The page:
In recent years several authors have held that persistence of the so-called Moro Umklammerungsreflex, or embrace reflex, beyond the early months of life is pathologic. This response, in brief, is a quick spreading apart of the arms on appropriate stimulation. Gordon1 said: "Persistence of the Moro reflex in children above the age of six months signifies injury of the cerebral or the pyramidal tract." Dupérié and Barques2 reported that abnormal persistence occurs in cases of encephalopathy, hydrocephaly and mongolism and of arrest of mental development. Moro3 noted that its persistence is associated with pathologic conditions.
It is apparent that any behavior which has a claim to such significance is worthy of attention from the pediatrician, the neurologist and the child psychologist alike. As a child psychologist, I have been interested for some time in the response under discussion. I wish to show that it is erroneous to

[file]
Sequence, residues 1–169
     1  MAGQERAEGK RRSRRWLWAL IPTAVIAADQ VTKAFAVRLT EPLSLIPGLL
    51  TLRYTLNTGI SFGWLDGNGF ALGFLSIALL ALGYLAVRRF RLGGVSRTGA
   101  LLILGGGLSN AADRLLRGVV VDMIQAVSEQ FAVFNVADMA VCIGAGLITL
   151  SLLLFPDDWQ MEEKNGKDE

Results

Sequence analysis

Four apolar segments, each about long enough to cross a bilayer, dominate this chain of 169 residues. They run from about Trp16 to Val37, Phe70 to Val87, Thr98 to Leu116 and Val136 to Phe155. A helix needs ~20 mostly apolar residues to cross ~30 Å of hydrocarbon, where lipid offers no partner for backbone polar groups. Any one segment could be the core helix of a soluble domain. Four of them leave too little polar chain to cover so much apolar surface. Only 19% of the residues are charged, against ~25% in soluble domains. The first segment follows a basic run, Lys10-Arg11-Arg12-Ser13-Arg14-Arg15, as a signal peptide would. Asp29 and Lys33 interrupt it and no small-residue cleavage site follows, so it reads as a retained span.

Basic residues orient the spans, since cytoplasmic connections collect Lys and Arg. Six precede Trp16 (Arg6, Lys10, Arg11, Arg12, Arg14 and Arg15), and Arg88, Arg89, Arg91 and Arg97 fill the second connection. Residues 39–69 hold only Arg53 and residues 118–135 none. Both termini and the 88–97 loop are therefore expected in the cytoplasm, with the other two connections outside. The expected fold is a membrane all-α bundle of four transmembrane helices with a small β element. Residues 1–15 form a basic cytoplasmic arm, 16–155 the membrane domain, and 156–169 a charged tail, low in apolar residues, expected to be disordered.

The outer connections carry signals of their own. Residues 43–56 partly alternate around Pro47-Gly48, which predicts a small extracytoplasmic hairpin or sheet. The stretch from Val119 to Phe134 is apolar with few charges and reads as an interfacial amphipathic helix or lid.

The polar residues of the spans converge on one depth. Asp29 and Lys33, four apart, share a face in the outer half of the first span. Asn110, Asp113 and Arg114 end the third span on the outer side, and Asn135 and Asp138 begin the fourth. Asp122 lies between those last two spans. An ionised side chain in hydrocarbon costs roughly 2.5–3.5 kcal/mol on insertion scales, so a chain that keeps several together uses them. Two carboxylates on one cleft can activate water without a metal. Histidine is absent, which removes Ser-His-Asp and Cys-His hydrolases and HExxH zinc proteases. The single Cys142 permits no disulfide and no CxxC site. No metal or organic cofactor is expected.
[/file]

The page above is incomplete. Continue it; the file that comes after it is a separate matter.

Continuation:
DENNIS W. A PSYCHOLOGIC INTERPRETATION OF THE PERSISTENCE OF THE SO-CALLED MORO REFLEX. Am J Dis Child. 1935;50(4):888–893. doi:10.1001/archpedi.1935.01970100066006
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